Heavy temptation to fix the odds

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Heavy temptation to fix the odds

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In his 2005 book “Freakonomics,” American economist Steven D. Levitt provided evidence of the probability of match-fixing in Japanese sumo wrestling. By studying data on 32,000 matches fought among 281 sumo wrestlers from January 1989 through January 2000, he concluded that the probability of bout-rigging among sumo players was high.

The world of sumo is divided into two leagues. The upper league is led by the highest makuuchi division of yokozuna (grand champions). That is followed by the juryo division and the lower league. If a wrestler gets to the juryo division, he can lead a decent life with a good salary.

Players who compete in anything lower than the second division are considered to be trainees and receive only a fairly small allowance instead of a salary. A player gets promoted only if he wins 8 matches out of 15.

Levitt studied the last match fought by wrestlers who scored seven wins and seven losses as they were competing for their eighth win. When they competed against wrestlers who scored eight wins and six losses, or nine wins and five losses, they recorded winning rates of 80 percent and 73.4 percent, respectively. Levitt inferred that match-fixing was the reason for the rapid rise of the winning rate, which was around 50 percent ordinarily. He concluded that whether it was money or the promise of shaving points in the next match, some type of reward was offered, calling it the “temptation of incentives.”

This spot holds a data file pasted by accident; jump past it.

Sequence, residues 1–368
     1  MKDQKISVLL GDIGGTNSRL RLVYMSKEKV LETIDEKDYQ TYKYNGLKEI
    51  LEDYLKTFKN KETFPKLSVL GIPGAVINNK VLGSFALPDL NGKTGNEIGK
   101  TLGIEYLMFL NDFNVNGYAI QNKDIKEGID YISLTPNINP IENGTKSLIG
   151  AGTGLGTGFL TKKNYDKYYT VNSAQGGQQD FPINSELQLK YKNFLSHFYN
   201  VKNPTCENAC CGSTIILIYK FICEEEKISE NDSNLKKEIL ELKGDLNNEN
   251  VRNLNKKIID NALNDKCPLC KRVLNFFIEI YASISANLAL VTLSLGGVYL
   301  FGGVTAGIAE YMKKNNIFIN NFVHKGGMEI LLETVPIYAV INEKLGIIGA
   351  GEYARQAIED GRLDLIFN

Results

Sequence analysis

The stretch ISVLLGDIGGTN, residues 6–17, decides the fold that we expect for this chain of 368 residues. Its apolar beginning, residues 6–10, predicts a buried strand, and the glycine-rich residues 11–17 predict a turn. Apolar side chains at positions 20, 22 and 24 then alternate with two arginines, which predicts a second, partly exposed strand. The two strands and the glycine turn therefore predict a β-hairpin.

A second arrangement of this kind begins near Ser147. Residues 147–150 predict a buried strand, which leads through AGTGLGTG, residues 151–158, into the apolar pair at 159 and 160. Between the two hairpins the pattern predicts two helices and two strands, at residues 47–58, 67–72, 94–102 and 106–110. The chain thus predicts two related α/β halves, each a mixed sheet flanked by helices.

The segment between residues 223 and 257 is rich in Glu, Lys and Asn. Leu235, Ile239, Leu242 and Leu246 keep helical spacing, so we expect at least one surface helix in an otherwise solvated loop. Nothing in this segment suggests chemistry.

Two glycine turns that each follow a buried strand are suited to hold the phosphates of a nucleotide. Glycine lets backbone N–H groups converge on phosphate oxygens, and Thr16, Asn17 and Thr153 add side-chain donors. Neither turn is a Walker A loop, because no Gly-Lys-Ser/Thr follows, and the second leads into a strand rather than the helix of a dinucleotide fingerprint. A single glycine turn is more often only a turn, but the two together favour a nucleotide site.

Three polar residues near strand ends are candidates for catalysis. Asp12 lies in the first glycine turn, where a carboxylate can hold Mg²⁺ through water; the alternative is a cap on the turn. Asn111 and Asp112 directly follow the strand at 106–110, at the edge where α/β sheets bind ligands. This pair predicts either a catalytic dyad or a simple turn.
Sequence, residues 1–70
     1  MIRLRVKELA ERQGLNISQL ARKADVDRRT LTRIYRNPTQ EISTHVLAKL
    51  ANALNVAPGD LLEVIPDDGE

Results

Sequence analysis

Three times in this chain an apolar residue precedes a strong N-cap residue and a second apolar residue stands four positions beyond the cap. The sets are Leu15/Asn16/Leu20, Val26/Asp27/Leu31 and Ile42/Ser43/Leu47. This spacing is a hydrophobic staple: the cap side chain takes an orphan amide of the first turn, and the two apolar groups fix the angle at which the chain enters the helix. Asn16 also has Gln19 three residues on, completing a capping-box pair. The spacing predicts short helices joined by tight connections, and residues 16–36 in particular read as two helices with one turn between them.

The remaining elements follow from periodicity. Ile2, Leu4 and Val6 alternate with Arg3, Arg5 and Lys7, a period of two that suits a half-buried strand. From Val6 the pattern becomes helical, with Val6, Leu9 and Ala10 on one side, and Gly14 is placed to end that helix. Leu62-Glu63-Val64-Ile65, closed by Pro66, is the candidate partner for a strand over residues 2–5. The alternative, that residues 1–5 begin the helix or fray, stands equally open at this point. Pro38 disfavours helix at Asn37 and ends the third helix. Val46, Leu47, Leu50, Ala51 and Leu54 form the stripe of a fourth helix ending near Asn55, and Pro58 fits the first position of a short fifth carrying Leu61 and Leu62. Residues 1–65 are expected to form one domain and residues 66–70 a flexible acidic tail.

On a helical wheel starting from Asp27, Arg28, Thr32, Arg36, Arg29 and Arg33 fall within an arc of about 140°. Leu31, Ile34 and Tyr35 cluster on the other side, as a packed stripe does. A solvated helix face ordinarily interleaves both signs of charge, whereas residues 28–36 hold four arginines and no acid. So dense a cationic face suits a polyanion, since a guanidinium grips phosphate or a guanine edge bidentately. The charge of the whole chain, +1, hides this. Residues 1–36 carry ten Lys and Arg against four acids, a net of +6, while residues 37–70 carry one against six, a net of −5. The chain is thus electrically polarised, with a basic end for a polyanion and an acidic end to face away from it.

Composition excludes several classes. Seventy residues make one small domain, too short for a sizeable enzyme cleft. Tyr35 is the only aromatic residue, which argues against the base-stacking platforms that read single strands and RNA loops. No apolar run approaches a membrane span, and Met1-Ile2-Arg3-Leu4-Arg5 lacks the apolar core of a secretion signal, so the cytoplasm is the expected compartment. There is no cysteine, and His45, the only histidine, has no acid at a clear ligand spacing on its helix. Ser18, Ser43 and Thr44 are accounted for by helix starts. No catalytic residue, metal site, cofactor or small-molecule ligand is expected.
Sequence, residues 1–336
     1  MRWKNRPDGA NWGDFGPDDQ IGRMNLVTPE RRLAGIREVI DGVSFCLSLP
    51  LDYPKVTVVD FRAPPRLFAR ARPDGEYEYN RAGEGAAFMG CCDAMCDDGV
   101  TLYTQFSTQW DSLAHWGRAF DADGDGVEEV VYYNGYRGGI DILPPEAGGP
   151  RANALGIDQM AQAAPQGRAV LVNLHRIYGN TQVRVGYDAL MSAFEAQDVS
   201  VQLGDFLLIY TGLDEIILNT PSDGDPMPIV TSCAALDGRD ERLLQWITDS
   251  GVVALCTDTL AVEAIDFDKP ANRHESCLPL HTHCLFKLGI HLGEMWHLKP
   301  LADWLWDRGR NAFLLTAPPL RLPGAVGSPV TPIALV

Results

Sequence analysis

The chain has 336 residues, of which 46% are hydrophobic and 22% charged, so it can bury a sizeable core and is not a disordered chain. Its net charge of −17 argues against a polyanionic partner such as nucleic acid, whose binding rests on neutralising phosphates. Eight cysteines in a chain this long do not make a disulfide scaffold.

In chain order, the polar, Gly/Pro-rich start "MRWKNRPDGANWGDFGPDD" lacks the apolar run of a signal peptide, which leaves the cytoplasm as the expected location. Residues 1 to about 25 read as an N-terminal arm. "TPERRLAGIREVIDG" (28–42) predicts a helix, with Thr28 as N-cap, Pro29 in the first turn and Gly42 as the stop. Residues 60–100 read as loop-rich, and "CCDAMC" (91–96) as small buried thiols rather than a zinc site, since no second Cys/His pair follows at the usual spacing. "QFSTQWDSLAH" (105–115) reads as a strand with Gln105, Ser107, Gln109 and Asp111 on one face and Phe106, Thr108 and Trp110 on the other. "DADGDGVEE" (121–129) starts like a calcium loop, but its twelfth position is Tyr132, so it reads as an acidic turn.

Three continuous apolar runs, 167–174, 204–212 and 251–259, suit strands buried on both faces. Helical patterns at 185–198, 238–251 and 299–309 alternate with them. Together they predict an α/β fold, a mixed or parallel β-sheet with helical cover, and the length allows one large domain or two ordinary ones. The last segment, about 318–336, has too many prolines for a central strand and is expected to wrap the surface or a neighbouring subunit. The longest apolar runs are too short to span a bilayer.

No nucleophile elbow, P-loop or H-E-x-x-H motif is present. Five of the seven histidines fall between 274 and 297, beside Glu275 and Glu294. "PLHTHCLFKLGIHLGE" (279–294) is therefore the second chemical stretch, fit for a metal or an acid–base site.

When Levitt’s theory was confirmed and it was revealed that sumo wrestlers fixed matches for money, Japan was thrown into confusion. Bout-rigging is a betrayal and a crime, but these days it is commonplace, and even Korea is not free from suspicion.

Last year, it was revealed that the competition that would select the members of the national short track team was rigged. The world of cyber sports is tainted with match-fixing scandals by professional gamers. In the world of football and baseball, rumors of scandal persist as well.

Unfortunately, the temptation to fix one’s odds is not limited to sports. It also happens in social life, business and almost every aspect of life with uncertain odds.

The sumo bout-rigging scandal clearly shows that if one fails to refuse the fatal temptation to fix the odds, it is not only the person himself, but also the whole operation that will be ruined.

*The writer is an editorial writer of the JoongAng Ilbo.


By Ko Dae-hoon
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